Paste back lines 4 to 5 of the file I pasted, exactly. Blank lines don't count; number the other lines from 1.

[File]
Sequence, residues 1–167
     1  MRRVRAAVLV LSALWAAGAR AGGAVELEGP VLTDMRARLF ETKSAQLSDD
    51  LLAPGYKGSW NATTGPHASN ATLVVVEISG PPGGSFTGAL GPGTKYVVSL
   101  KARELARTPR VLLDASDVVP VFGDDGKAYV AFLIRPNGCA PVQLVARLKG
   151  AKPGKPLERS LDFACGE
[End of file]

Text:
   101  KARELARTPR VLLDASDVVP VFGDDGKAYV AFLIRPNGCA PVQLVARLKG
   151  AKPGKPLERS LDFACGE